Presents data on trends in nonfatal intimate partner violence among U.S. households from 1993 to 2011. Intimate partner violence includes rape, sexual assault, robbery, aggravated assault, and simple assault by a current or former spouse, boyfriend, or girlfriend. This report focuses on attributes of the victimization such as the type of crime, type of attack, whether the victim was threatened before the attack, use of a weapon by the offender, victim injury, and medical treatment received for injuries. The report also describes ways these attributes of the victimization may be used to measure seriousness or severity of the incident. Data are from the National Crime Victimization Survey (NCVS), which collects information on nonfatal crimes reported and not reported to the police. The NCVS is a self-report survey administered every six months to persons age 12 or older from a nationally representative sample of U.S. households.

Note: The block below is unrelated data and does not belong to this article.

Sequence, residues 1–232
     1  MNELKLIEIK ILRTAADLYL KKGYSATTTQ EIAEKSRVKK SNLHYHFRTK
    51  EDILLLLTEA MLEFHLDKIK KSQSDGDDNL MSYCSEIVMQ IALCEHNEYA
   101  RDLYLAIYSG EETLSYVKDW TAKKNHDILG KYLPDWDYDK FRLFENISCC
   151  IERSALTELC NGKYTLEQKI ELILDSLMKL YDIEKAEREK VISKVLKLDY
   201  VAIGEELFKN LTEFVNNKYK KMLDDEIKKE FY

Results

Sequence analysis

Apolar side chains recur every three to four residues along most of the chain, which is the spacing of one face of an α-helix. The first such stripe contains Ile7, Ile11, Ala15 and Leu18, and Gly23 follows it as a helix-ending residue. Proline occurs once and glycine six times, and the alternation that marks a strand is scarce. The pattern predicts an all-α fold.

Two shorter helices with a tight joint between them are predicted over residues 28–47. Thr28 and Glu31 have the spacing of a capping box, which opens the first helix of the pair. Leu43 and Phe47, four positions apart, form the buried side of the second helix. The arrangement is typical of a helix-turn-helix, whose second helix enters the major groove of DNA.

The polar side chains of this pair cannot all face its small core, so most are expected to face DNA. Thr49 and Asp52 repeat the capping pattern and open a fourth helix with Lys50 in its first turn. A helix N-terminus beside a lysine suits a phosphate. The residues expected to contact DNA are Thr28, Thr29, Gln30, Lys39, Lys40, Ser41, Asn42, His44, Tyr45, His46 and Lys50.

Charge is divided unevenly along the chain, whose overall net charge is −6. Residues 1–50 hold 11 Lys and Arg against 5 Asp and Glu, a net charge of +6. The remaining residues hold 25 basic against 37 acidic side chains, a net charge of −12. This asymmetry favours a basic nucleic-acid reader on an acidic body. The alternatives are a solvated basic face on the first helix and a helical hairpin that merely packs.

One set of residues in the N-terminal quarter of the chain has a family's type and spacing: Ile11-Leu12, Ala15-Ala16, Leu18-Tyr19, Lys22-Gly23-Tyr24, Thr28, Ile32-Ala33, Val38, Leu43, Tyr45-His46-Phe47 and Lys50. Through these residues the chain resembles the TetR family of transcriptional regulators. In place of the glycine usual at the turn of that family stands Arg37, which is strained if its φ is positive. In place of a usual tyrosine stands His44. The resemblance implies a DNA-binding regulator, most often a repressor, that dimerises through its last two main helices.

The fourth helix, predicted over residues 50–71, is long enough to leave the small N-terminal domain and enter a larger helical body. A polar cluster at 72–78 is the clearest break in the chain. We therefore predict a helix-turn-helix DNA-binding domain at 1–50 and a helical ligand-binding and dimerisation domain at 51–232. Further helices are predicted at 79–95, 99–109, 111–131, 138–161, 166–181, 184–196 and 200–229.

- From 1994 to 2011, the rate of serious intimate partner violence declined 72% for females and 64% for males.
- Nonfatal serious violence comprised more than a third of intimate partner violence against females and males during the most recent 10-year period (200211).
- An estimated two-thirds of female and male intimate partner victimizations involved a physical attack in 200211; the remaining third involved an attempted attack or verbal threat of harm.
- In 200211, 8% of female intimate partner victimizations involved some form of sexual violence during the incident.
- About 4% of females and 8% of males who were victimized by an intimate partner were shot at, stabbed, or hit with a weapon in 200211.